How do you bring your Scottish heritage into your cooking?
By making the most of the abundance of fantastic Scottish produce that is available and ensuring my menus really showcase the very best ingredients that I can get my hands on. In the past decade, Scotland’s reputation for producing the finest quality food and drink has grown significantly. I want to be able to give my diners an authentic taste of Scotland, to help make everyone more appreciative of the wonderful flavours we have available right on our doorstep. In my eyes, Scotland really has the most beautiful larder. 

If you could only have three ingredients in your cooking arsenal, what would they be and why?
I’m incredibly passionate about the game we have access to here in Scotland. The game season is one of the most exciting times in my kitchen and I love cooking different game birds and produce. Secondly, a really good olive oil and thirdly a top quality salt - both kitchen essentials to me.

What's next in the Tom Kitchin world?
To continue to grow as a chef and develop the businesses. I will continue to share our passion for the very best Scottish produce and ensure every single guest at our restaurants has the most memorable experience when dining with us. There’s a whole list of things I want to achieve so who knows where we will be in ten years’ time?

For a comforting suppertime treat, cook up Tom’s recipe of steak pie (see image in gallery above) using his own ale, crafted in partnership with The Isle of Skye Brewing Company.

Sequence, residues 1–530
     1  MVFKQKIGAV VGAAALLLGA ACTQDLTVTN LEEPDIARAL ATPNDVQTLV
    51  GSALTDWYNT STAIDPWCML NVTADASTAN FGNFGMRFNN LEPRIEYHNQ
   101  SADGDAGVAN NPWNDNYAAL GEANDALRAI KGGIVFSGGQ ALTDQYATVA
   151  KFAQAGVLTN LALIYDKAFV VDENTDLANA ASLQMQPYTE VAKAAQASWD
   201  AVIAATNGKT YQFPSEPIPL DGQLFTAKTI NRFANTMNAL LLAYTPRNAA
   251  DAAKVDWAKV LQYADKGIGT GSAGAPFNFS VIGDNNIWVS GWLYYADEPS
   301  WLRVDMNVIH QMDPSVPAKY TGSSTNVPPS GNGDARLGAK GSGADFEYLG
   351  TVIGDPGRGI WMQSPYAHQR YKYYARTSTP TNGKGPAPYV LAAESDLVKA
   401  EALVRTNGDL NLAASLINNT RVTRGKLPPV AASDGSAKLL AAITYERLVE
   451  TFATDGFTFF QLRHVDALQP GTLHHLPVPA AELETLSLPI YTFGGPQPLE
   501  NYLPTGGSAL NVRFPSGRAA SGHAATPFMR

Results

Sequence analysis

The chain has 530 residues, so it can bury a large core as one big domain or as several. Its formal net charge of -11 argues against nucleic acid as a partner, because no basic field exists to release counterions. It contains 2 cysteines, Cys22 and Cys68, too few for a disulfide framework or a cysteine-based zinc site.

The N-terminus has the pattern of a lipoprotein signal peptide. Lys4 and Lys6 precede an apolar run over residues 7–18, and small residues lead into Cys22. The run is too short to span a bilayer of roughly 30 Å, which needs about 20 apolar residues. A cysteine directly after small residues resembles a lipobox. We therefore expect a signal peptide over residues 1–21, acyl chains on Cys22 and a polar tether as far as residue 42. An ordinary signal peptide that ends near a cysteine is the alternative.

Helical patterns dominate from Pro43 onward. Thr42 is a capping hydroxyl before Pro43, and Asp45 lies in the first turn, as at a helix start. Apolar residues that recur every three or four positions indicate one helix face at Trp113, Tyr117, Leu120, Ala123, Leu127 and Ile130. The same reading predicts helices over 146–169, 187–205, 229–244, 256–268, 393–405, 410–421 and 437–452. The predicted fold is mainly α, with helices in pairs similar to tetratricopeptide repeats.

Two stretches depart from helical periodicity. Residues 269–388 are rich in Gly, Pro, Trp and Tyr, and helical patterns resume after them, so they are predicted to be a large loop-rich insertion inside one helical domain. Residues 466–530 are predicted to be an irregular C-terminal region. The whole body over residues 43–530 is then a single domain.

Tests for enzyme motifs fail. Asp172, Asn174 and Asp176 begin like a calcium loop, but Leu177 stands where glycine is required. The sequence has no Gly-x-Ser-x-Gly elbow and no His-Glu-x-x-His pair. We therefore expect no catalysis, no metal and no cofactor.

Steak & Yer Ben Pie (Serves 4)

1kg stewing steak, cut into 2–3cm pieces
Flour for dusting
Sea salt and freshly ground black pepper
Olive oil for cooking
1 onion, peeled and diced
2 carrots, peeled and chopped
250g button mushrooms, cleaned
2 garlic cloves, peeled and chopped
Bouquet garni
250ml red wine
500ml Yer Ben craft ale
250g ready-rolled puff pastry
Eggwash (1 egg yolk, beaten with ½ teaspoon water and a pinch of salt)
1 tall piece of bone marrow, on the bone

1- Heat the oven to 150°C/Gas 2.
2- Dust the pieces of stewing steak all over with flour and season with salt and pepper.
3- Heat a heavy-based ovenproof sauté pan over a medium-high heat and add a good drizzle of olive oil.
4- Brown the steak in two batches for 4–5 minutes until well caramelised. Remove with a slotted spoon and set aside.
5- Return the pan to the heat and add another drizzle of oil.
6- Add the onion, carrots and mushrooms, lower the heat and sweat gently for 4–5 minutes. Add the garlic and bouquet garni.
7- Pour in the red wine and let it bubble to reduce by half, then add 500ml of Yer Ben.
8- Bring back to the boil and then return the steak to the pan.
9- Put a lid on the pan and place in the oven.
10- Cook for 3 hours or until the steak is tender and the liquor has reduced and thickened.
11- Raise the oven setting to 180°C/Gas 4. Transfer the beef stew to a pie dish, discarding the bouquet garni.
12- Place a piece of bone marrow in the middle of the dish.
13- Roll out the pastry to fit the dish with enough to overhang, then drape over the stew.
14- Dampen the rim of the dish with water, then lift the pastry over the top of the stew.
15- Press the edges of the pastry onto the rim of the dish and trim away the excess pastry.
16- Brush the pastry all over with the remaining egg, sprinkle with sea salt and black pepper and bake for around 20 minutes until the pastry is golden brown and crisp.
17- Leave to rest for 10 minutes, then serve the pie with seasonal vegetables and teaspoons for the bone marrow, for those who want it.